48 (c) (d) (e) The risks of material misstatement in the matter to which that expert's work relates; The practitioner's knowledge of and experience with previous work performed by that expert; and Whether that expert is subject to the practitioner's firm's quality control policies and procedures (see also paragraphs A123 A124). Integrating the work of a practitioner's expert A121. Assurance engagements may be performed on a wide range of underlying subject matters that require specialized skills and knowledge beyond those possessed by the engagement partner and other members of the engagement team and for which the work of a practitioner's expert is used. In some situations, the practitioner's expert will be consulted to provide advice on an individual matter, but the greater the significance of the practitioner's expert's work in the context of the engagement, the more likely it is that expert will work as part of a multi-disciplinary team comprising subject matter experts and other assurance personnel. The more that expert's work is integrated in nature, timing and extent with the overall work effort, the more important effective two-way communication is between the practitioner's expert and other assurance personnel. Effective two-way communication facilitates the proper integration of the expert's work with the work of others on the engagement. A122. As noted in paragraph A71, when the work of a practitioner's expert is to be used, it may be appropriate to perform some of the procedures required by paragraph 52 at the engagement acceptance or continuance stage. This is particularly so when the work of the practitioner's expert will be fully integrated with the work of other assurance personnel and when the work of the practitioner's expert is to be used in the early stages of the engagement, for example during initial planning and risk assessment. The practitioner's firm's quality control policies and procedures A123. A practitioner's internal expert may be a partner or staff, including temporary staff, of the practitioner's firm, and therefore subject to the quality control policies and procedures of that firm in accordance with HKSQC 1 or other professional requirements, or requirements in law or regulation, that are at least as demanding as HKSQC 1. Alternatively, a practitioner's internal expert may be a partner or staff, including temporary staff, of a network firm, which may share common quality control policies and procedures with the practitioner's firm. A practitioner's external expert is not a member of the engagement team and is not subject to quality control policies and procedures in accordance with HKSQC 1. A124. Engagement teams are entitled to rely on the firm's system of quality control, unless information provided by the firm or other parties suggests otherwise. The extent of that reliance will vary with the circumstances, and may affect the nature, timing and extent of the practitioner's procedures with respect to such matters as: Competence and capabilities, through recruitment and training programs. The practitioner's evaluation of the objectivity of the practitioner's expert. Practitioner's internal experts are subject to relevant ethical requirements, including those pertaining to independence. The practitioner's evaluation of the adequacy of the practitioner's expert's work. For example, the firm's training programs may provide the practitioner's internal experts with an appropriate understanding of the interrelationship of their expertise with the evidence gathering process. Reliance on such training and other firm processes, such as protocols for scoping the work of the practitioner's internal experts, may affect the nature, timing and extent of the practitioner's procedures to evaluate the adequacy of the practitioner's expert's work. Copyright 48 HKSAE 3000 (Revised)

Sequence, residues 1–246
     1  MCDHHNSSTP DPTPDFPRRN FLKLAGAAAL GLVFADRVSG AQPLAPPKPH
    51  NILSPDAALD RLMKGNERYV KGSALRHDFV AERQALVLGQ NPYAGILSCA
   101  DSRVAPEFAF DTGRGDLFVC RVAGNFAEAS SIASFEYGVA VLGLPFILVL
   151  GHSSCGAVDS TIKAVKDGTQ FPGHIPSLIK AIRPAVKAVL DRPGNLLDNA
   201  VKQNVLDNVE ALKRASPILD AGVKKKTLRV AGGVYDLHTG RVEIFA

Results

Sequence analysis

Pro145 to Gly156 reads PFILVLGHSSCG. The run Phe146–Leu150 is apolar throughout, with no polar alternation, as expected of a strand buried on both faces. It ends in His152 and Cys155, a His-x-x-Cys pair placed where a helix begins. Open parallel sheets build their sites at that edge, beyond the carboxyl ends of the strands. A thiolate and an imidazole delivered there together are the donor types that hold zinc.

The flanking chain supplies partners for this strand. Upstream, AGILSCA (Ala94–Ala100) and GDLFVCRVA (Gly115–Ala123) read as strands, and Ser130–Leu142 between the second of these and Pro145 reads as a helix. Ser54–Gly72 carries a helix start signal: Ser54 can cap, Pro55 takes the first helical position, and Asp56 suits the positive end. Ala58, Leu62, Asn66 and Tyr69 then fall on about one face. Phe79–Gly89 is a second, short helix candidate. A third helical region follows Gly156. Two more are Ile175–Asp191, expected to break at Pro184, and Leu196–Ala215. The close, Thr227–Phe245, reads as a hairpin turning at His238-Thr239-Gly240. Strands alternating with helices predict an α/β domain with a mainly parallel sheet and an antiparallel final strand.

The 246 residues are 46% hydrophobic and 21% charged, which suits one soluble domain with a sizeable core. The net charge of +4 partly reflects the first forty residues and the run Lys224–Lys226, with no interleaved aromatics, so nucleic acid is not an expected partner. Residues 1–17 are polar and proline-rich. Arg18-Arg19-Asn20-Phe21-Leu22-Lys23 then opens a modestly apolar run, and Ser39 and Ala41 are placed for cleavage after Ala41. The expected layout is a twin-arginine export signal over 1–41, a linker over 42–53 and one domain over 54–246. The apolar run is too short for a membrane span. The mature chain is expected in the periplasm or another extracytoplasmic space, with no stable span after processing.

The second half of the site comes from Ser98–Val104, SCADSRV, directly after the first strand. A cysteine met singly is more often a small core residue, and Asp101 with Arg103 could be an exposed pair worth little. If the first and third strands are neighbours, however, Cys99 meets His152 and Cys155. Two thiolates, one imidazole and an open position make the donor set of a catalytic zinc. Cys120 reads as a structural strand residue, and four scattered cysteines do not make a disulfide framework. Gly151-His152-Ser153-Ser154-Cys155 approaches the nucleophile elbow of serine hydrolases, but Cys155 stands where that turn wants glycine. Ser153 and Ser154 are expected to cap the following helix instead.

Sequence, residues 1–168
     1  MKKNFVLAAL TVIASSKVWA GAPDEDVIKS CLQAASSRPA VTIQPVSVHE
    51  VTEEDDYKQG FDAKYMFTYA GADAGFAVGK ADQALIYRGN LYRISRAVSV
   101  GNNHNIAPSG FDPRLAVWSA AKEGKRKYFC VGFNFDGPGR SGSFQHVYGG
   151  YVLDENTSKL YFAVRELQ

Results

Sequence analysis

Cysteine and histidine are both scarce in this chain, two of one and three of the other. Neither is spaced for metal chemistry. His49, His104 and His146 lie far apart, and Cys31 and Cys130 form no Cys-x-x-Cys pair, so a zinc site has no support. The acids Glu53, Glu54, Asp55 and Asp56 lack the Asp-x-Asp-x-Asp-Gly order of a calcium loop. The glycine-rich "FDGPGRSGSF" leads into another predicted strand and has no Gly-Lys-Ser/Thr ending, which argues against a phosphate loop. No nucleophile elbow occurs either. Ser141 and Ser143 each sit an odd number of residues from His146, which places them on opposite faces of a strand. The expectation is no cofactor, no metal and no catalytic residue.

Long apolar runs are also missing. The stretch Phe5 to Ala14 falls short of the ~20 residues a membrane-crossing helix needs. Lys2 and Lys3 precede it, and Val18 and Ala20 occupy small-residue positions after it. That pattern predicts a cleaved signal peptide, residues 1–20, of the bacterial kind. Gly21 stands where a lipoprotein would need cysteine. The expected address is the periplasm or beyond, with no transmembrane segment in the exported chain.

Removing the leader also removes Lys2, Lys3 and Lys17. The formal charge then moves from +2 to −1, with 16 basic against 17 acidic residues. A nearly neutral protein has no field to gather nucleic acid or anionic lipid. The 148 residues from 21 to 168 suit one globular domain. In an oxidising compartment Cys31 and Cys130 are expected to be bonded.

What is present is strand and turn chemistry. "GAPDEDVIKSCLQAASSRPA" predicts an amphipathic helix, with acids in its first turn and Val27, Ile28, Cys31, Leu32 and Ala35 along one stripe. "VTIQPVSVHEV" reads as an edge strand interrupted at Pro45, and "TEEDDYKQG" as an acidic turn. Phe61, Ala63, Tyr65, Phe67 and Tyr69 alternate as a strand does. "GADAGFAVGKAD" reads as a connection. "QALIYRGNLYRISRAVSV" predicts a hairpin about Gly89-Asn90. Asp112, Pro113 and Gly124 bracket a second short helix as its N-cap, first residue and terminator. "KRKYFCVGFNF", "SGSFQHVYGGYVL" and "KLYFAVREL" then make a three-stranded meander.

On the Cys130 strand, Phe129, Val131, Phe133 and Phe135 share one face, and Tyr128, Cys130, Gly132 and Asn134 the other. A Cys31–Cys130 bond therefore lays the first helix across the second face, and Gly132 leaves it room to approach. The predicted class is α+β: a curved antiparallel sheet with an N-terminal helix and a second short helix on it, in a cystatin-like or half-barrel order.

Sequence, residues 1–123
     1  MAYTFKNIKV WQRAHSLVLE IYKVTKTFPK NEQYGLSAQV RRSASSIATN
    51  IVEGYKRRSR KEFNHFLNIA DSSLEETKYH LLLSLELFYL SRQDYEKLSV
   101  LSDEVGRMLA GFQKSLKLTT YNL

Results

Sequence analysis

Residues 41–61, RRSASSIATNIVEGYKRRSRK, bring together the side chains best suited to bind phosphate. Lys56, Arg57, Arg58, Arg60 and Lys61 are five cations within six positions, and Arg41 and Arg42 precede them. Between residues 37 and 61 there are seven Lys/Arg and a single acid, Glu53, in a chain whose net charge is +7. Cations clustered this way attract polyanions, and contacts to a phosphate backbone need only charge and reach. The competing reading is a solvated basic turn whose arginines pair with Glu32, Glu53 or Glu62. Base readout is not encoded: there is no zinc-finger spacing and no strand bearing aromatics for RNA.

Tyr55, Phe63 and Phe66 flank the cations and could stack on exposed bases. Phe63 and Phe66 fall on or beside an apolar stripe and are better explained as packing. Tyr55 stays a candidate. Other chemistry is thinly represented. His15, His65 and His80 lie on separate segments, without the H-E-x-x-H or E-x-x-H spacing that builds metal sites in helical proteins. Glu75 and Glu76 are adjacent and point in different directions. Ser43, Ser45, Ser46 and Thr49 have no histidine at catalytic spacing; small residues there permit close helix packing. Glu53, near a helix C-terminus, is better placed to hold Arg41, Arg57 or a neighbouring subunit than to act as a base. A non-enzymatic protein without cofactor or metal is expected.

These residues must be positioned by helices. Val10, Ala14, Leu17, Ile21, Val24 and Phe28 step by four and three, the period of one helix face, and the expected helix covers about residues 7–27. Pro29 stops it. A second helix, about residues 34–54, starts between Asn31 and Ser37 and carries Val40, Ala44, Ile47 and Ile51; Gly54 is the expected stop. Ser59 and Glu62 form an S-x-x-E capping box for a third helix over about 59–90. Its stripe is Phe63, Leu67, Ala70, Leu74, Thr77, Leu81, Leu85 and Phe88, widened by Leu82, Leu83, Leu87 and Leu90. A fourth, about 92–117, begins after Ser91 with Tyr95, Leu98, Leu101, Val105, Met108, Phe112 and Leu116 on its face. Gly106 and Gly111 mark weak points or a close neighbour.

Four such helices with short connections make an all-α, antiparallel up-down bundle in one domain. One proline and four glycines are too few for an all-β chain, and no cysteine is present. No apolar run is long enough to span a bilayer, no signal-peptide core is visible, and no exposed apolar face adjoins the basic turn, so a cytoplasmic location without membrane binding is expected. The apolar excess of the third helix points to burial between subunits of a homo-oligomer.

49 Adherence to regulatory and legal requirements, through monitoring processes. Agreement with the practitioner's expert. Such reliance does not reduce the practitioner's responsibility to meet the requirements of this HKSAE. The Competence, Capabilities and Objectivity of the Practitioner's Expert (Ref: Para. 52) A125. Information regarding the competence, capabilities and objectivity of a practitioner's expert may come from a variety of sources, such as: Personal experience with previous work of that expert. Discussions with that expert. Discussions with other practitioners or others who are familiar with that expert's work. Knowledge of that expert's qualifications, membership of a professional body or industry association, license to practice, or other forms of external recognition. Published papers or books written by that expert. The firm's quality control policies and procedures (see also paragraphs A123 A124). A126. While practitioner's experts do not require the same proficiency as the practitioner in performing all aspects of an assurance engagement, a practitioner's expert whose work is used may need a sufficient understanding of relevant HKSAEs to enable that expert to relate the work assigned to them to the engagement objective. A127. The evaluation of the significance of threats to objectivity and of whether there is a need for safeguards may depend upon the role of the practitioner's expert and the significance of the expert's work in the context of the engagement. There may be some circumstances in which safeguards cannot reduce threats to an acceptable level, for example, if a proposed practitioner's expert is an individual who has played a significant role in preparing the subject matter information. A128. When evaluating the objectivity of a practitioner's external expert, it may be relevant to: Inquire of the appropriate party(ies) about any known interests or relationships that the appropriate party(ies) has with the practitioner's external expert that may affect that expert's objectivity. Discuss with that expert any applicable safeguards, including any professional requirements that apply to that expert, and evaluate whether the safeguards are adequate to reduce threats to an acceptable level. Interests and relationships that it may be relevant to discuss with the practitioner's expert include: o o o Financial interests. Business and personal relationships. Provision of other services by the expert, including by the organization in the case of an external expert that is an organization. In some cases, it may also be appropriate for the practitioner to obtain a written representation from the practitioner's external expert about any interests or relationships with the appropriate party(ies) of which that expert is aware. Copyright 49 HKSAE 3000 (Revised)